Douglas choirs entertain with classical and contemporary compositions

Douglas College Choirs in Concert review

By Naomi Ambrose, Staff Writer


On Saturday November 24, the Douglas College choirs (which consist of the Chorus and Chorale) transformed the Laura C. Muir Performing Arts theatre into a venue filled with classical and contemporary music compositions.

Eric Hannan, the concert’s conductor and a music faculty member for choir ensembles and voice, gave some background information about the choirs and the concert.

The choirs are made up of music students at Douglas College. In addition, “the big choir [the Chorus] also has community members in it from the local community,” said Hannan in an in-person interview with the Other Press. They hold concerts in November and March.

Frances Ancheta, a member of the Chorale and a first-year student in the Foundation for Music Therapy Studies Program shared her thoughts about the importance of classical music, which she described as “a refresher. It’s a refresher to the typical music that you hear on the radio, [and] the typical music you have on [your] phone,” said Ancheta in an in-person interview with the Other Press.

The female vocal ranges from the large Chorus started off the classical portion of the evening with Andrea Siemens’ 1994 arrangement of “Lo, How a Rose E’er Blooming.” The male voices later joined into the song.

The male singers’ vocal presence was also evident with the second song—Francis Poulenc’s 1941 arrangement of “Salve Regina.” The bass singers’ deep vocals acted as an intriguing contrast to the angelic sound of the sopranos.

The contrasting vocal ranges also added to the classical feel when some of the members belted out a section of the second song—for what seemed like a second—and then continued to sing the piece softly.

The higher vocal ranges illuminated the theatre once again when they started off Stephen Caracciolo’s 1992 arrangement of “There is No Rose of Such Virtue.” The female voices’ operatic, angelic singing blended quite nicely with the male singers who chimed in later.

To serve as a balance to the soft, classical, cathedral-esque songs, the Chorus’s performance of Leonard Bernstein’s 1965 three-piece composition of “Chichester Psalms” added an energetic feel to the performances. Close to the far-left side of the stage, Alberta Chan played the harp for some parts of the composition while Robert Caldwell’s percussion performance added a loud, tinkering, booming effect to Chan’s soft harp playing.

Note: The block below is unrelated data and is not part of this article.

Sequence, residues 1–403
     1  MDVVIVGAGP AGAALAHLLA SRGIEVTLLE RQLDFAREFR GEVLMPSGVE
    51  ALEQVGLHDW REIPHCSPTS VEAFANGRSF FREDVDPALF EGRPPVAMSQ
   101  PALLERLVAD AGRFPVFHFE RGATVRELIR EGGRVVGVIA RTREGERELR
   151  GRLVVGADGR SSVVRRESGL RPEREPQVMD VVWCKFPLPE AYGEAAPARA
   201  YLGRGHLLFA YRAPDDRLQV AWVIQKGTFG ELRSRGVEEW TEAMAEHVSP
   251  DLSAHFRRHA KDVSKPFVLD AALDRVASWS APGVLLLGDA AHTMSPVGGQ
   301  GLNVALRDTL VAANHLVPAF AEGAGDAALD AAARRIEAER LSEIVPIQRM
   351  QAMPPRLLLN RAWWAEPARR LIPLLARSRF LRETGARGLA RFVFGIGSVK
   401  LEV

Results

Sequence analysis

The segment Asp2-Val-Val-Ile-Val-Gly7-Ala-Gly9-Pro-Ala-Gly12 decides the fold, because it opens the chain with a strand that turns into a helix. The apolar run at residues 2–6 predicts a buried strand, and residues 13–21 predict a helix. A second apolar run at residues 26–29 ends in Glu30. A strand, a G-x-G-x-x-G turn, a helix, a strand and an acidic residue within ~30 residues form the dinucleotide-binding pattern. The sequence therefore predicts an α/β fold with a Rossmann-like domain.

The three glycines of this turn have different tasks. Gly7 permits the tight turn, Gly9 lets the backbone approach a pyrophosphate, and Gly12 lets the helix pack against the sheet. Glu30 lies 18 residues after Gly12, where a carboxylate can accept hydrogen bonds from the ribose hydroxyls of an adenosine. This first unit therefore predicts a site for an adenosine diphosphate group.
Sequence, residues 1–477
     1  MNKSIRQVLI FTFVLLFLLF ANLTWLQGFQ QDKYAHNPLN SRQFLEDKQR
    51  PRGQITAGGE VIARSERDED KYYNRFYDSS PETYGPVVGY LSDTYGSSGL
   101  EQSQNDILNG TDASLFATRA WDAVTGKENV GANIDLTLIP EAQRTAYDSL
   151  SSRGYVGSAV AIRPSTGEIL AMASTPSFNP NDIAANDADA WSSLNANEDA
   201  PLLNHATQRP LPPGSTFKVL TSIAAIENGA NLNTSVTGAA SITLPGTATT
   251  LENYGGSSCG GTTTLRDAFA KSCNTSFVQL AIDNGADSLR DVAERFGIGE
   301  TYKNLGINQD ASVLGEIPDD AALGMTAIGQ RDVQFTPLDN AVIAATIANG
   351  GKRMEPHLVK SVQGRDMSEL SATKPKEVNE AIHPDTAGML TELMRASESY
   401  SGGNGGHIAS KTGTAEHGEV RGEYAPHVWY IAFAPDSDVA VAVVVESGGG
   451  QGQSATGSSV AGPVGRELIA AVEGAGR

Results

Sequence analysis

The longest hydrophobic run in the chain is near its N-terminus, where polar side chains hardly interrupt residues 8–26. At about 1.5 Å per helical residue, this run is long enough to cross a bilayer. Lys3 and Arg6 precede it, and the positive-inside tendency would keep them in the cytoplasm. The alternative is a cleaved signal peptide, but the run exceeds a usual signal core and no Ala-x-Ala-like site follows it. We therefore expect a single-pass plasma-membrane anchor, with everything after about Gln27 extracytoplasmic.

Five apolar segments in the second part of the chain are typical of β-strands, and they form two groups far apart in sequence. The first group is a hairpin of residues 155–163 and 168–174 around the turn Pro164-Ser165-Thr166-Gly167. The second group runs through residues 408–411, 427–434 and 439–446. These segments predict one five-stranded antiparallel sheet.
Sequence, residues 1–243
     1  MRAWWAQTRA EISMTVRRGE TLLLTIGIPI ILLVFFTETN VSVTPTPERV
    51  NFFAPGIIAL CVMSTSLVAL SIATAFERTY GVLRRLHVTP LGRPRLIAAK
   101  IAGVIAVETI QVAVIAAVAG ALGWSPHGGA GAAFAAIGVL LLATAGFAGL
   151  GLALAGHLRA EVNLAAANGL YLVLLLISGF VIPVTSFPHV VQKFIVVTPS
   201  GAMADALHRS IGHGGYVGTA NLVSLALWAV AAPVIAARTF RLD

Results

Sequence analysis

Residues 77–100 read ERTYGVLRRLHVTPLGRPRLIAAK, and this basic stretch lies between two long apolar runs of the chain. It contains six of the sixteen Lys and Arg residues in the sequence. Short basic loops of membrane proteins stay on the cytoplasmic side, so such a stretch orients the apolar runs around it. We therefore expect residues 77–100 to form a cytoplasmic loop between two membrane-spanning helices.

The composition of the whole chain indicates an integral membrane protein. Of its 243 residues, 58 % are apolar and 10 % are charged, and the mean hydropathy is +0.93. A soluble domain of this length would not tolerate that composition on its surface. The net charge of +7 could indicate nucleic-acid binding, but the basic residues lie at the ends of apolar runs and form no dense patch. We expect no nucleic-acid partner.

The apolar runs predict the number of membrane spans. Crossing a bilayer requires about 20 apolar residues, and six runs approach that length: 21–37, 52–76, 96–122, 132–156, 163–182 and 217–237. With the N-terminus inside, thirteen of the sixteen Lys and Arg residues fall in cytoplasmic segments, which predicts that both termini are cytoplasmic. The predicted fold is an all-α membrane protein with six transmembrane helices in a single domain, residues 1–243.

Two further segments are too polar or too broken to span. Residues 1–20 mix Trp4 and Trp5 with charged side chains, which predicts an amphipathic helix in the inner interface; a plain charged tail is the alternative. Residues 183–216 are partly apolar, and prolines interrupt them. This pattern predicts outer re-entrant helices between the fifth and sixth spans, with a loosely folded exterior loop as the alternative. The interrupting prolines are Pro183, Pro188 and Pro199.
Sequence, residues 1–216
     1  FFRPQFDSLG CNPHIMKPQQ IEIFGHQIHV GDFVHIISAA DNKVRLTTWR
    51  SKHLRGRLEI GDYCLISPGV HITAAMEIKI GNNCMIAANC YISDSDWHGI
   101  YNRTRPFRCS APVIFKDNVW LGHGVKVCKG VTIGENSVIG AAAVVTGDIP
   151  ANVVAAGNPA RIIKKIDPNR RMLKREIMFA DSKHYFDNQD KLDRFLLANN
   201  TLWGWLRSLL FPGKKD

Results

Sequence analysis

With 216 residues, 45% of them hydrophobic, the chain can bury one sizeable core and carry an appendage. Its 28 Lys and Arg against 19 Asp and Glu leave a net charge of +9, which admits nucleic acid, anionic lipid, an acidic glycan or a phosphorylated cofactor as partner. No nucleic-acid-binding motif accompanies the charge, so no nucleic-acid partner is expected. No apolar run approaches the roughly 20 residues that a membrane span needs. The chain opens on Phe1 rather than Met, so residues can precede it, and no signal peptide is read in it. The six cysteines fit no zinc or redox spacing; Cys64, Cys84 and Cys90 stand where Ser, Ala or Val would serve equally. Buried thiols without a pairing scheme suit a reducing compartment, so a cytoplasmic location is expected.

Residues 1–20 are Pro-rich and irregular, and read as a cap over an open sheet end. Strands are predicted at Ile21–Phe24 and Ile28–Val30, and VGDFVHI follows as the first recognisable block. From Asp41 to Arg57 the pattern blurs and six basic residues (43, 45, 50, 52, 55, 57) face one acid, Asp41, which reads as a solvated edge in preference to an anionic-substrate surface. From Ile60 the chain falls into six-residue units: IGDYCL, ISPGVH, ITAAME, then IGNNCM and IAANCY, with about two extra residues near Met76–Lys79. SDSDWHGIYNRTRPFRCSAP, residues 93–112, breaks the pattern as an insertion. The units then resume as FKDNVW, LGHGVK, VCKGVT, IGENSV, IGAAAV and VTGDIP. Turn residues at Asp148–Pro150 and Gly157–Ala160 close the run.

The soloists’ performances of the compositions reintroduced the multigenerational audience to the seraphic classical compositions. Chan’s harp playing together with the soprano soloists’ vocals felt reminiscent of the music from some historical epic films, such as Alexander and Gladiator, that often have grand, majestic scores.

Later, members of the audience who yearned for contemporary music had their eagerness satisfied when the Douglas College Chorale emerged on stage. The Chorale performed Eric Barnum’s upbeat 2007 arrangement of “Jenny Kissed Me.” The members performed the song with some spunk—presumably re-enacting the tingling sensation the subject of the song feels when Jenny kisses him.

Using Gene Puerling’s 1985 arrangement, the Chorale also entertained the audience with their performance of Maschwitz and Sherwin’s 1940 composition of “A Nightingale Sang in Berkeley Square.” The soloist’s performance seemed to resemble the singing style that the titular nightingale would have used in Berkeley Square.

The concert ended with the Chorale, who entertained the audience with four Christmas songs that included John Burt’s 1963 version of “All and Some,” Andrew Carter’s 1981 “Spanish Carol,” Jack Halloran’s arrangement of “Go Tell It on the Mountain,” and a 16th-century German hymn, “Quem pastores.”